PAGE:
“You shall not have in your bag two kinds of weights, a large and a small. You shall not have in your house two kinds of measures, a large and a small. A full and fair weight you shall have, a full and fair measure you shall have, that your days may be long in the land that the LORD your God is giving you. For all who do such things, all who act dishonestly, are an abomination to the LORD your God. (Deuteronomy 25:13-16 ESV)
This sets a standard that says when somebody trades something that is so much weight it needs to be accurate. If you’re buying a pound of wheat or rice or gold, it needs to be measured accurately in order for the appropriate value to be determined. There is no leeway in the above standard.
The banking industry clearly did not hold that standard. They sold bundles of mortgages that were supposedly good while they knew they were not. Goldman Sachs CEO Lloyd Blankfein not only admitted as such, but he presented the practice as part of “market making”. In his statements to Congress he was unapologetic and his arguments focused on what have become the standard business practices of the day, which includes taking both “long and short” positions on sales, that is selling things while taking a position in the market that the item being sold will fail.
Everybody else would call that selling a product that they know is not good, or fraud. The focus of the Frontline piece centers around citizens, Senators, attorney generals all calling this fraud while Blankfein and his cronies call it standard business practices.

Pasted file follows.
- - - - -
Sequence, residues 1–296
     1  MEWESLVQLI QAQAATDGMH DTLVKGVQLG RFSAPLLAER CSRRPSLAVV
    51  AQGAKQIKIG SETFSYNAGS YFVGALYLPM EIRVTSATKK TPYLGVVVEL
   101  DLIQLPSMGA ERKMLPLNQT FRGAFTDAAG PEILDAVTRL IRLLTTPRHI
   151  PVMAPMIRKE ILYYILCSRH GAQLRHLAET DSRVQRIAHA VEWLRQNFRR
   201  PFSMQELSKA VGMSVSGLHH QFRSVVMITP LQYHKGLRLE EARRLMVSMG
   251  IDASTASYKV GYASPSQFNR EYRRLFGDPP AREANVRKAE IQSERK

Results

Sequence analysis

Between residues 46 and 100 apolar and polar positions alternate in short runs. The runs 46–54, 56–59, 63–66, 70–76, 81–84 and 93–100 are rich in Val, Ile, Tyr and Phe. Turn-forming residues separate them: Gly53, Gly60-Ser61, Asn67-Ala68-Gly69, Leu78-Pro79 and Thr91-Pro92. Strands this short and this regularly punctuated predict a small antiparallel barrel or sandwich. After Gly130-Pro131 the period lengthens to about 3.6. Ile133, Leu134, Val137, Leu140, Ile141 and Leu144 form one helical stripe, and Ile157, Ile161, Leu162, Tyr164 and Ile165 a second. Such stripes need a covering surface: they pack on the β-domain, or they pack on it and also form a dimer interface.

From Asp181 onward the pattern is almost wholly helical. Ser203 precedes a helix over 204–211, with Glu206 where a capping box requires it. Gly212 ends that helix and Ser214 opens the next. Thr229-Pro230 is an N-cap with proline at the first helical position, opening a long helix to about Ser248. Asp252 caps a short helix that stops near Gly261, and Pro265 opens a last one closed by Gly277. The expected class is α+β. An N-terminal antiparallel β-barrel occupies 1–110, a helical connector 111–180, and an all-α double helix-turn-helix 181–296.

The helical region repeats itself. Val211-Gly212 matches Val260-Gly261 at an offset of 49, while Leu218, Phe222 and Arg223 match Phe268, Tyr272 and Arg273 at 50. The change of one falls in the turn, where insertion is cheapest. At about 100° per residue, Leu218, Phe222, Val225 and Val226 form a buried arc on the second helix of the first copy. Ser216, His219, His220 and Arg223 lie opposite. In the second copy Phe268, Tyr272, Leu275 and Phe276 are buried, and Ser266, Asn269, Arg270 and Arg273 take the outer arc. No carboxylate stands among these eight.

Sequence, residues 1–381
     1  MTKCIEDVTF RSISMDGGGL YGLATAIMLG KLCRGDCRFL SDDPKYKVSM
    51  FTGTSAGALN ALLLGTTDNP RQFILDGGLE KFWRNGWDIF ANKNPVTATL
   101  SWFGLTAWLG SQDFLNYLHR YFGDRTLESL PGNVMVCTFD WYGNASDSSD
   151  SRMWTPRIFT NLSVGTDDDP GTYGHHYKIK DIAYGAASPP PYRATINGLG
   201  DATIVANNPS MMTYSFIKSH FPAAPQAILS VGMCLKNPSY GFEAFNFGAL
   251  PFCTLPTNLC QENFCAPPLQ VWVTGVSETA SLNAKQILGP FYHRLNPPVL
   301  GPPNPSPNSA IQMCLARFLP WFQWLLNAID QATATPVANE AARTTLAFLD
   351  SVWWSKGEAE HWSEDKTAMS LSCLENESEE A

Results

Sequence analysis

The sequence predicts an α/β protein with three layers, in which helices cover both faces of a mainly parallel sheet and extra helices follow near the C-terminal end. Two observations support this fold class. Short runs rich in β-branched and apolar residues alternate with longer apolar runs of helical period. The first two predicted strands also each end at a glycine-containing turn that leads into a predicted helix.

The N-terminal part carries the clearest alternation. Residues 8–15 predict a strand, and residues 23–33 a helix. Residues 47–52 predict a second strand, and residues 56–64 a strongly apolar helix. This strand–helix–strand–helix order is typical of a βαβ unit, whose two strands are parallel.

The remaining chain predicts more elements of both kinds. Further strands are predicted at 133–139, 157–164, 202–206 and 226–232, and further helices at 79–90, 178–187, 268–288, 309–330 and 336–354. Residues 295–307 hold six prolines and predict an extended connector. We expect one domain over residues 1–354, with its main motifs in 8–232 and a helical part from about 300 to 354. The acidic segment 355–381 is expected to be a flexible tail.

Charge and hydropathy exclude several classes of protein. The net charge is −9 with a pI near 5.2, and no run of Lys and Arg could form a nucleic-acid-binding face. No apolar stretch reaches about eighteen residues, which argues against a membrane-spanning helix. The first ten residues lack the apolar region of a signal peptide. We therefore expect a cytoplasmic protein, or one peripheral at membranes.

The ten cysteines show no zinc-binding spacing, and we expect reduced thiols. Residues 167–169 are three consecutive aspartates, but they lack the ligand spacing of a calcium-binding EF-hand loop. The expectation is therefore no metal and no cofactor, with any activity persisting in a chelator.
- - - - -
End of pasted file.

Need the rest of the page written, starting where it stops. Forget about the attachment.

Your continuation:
According to Wikipedia Blankfein regularly earns in excess of $50 million a year, and in 2011 was listed by Forbes as the 43rd most powerful person in the world.
It certainly looks suspicious that the Obama administration has failed to indict any of these leaders especially considering that Blankfein is a known democratic supporter. Again, according to Wikipedia, in 2008 Blankfein’s Goldman Sachs’ employees and relatives helped raise almost $1 million for Barack Obama, making it the company from which Obama received the most help getting elected.
One of the questions asked in the Frontline piece was not only why didn’t anyone hold the American banking system to account but why hasn’t anyone held the American Justice system to account for not holding the Banking System to account?
All of this has happened while the person on the street has suffered, losing income and buying power steadily throughout this fiasco. Unemployment is still high and the economy is still shaky.
The whole scenario is what the Bible calls “a wicked and adulterous generation” because these things didn’t happen in a vacuum. There has been a widespread culture change in our country that has allowed this to happen.
So what would the Bible message be in response to this? It would be “Repent”, of course! People, we have a choice. Greed may not be illegal, but it is evil. Don’t be a part of it. Don’t be a part of any business practice that isn’t right. And while finances and the economy are important, it is very important that we first of all act righteously in our own affairs. And second, that we do business with people and elect political leaders that will help make us a generation known for righteousness rather than evil.
This is not always simple. It means we may have to clean up our work practices. Sometimes it may mean changing jobs and/or the people that we do business with.
Remember, just because it is currently acceptable in our culture doesn’t make it righteous.
But, if we are truly believers, then the question that we must always ask ourselves, down to a moment by moment basis, is, “Is what we are doing serving the Lord?
And to the mighty in the land there is this charge:
“Thus says the Lord GOD: Enough, O princes of Israel! Put away violence and oppression, and execute justice and righteousness. Cease your evictions of my people, declares the Lord GOD.” Eze 45:9
Its time to make America great again for the common man. We need to do our part by both living righteously and demanding the same from business and political leaders.
©copyright 2013 Mark W. Smith, all rights reserved.